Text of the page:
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JCPS decks out doors to celebrate Black History Month

It's a trend that schools across the country are taking on, including Kentucky's largest district.

LOUISVILLE, Ky. — It's a creative take on Black History Month that's sweeping through classrooms across the country. Teachers are transforming their doors into tributes, and the results are epic to say the least. There are multiple shining star examples at Newburgh Middle School and Butler High School.

JCPS teachers said they hope these doors bring equal parts entertainment and inspiration not just for this month, but all year long.

The halls of Newburgh Middle are more than familiar for teacher Denaye Hylton.

"This is like my home,” Hylton said.

The former student turned first-year teacher loves being back.

"It’s full circle,” Hylton said.

Sixth grade English is her subject. Turns out, door designs are her specialty.

"I walked upstairs, and I had like 20 kids waiting to help me,” Hylton said.
She credits social media and her students for the support. It took about four hours from start to finish.

"I can't tell you how many pieces of construction paper and black poster board that I had to buy to put this hair put together,” Hylton said.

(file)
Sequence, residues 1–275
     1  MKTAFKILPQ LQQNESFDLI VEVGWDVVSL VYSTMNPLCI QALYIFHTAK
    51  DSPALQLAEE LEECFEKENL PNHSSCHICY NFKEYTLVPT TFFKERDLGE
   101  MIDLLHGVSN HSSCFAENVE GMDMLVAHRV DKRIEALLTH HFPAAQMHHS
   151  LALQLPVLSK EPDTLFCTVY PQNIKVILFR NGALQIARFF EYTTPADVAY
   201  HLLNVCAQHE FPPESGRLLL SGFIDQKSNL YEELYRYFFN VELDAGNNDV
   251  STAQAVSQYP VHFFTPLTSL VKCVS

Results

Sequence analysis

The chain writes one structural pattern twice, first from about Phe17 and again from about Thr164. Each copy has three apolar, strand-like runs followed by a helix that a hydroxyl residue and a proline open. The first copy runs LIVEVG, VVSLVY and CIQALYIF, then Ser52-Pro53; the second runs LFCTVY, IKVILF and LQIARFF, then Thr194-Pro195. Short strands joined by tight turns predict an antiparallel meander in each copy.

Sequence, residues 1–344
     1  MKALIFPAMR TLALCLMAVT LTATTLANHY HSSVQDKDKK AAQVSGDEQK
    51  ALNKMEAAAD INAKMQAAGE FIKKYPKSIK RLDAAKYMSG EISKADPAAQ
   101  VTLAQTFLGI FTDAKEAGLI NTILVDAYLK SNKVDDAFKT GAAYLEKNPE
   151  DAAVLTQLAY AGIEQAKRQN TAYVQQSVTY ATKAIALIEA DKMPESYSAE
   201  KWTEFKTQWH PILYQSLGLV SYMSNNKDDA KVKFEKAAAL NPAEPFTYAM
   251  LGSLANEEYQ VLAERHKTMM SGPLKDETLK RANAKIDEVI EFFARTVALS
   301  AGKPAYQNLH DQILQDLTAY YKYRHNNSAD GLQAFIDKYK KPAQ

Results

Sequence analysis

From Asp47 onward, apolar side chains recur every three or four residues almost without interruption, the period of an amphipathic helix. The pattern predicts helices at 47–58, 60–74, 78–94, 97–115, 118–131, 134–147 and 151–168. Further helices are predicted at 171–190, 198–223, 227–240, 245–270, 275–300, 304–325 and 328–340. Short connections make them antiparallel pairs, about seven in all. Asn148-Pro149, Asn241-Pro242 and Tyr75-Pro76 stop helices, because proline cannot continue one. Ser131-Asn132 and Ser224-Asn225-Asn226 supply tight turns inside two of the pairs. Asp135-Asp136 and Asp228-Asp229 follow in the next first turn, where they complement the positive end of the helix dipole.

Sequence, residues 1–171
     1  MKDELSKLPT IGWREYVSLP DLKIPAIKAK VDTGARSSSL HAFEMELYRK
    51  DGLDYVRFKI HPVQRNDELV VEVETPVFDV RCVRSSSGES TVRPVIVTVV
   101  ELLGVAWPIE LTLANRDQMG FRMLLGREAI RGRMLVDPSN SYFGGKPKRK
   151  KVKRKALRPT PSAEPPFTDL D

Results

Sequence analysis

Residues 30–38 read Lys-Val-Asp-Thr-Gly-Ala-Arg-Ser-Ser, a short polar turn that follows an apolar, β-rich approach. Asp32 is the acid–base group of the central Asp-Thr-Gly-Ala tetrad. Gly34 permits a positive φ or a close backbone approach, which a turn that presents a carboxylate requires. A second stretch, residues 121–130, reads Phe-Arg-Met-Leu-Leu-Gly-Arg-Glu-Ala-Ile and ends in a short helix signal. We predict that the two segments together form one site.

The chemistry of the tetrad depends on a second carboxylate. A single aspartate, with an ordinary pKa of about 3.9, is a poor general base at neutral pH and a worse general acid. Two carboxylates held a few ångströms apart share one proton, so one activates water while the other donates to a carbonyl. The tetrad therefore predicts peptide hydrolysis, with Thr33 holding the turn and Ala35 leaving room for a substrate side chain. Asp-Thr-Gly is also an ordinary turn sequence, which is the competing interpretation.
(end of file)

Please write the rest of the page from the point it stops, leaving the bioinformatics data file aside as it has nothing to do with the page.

From top to bottom, this curly creation is impressive.

"The beaded necklace was actually our leftover Christmas decorations. It was the tinsel I had around the door,” Hylton said. "We wanted the t-shirt to look like all of the African American figures. We kind of just raided my supplies and whatever we could make work, that's what we made work.”

The message behind it is even more impressive.  

"It's more about communicating the truths of history and really getting them to understand how we got to be where we are today and what the fight was,” Hylton said. "This to me was look at all of these people that took a stand. Look at all of these people that made a difference. I want you to see that you can make a difference too, and it can start right here in middle school.”

 It's a similar story at Butler High School. Three teachers decked out their doors there.

"Maybe three hours, yeah,” Student Support Service Worker Margaret Nance. 

They took time and effort, but the end results are making a lasting impression.

"I drew it and then the art students painted it, and I had a student help me roll the hair up with construction paper. I picked the quotes out. A lot of them represent education and empowerment of African American communities,” Nance said. "I hope they feel some sort of representation here at the school.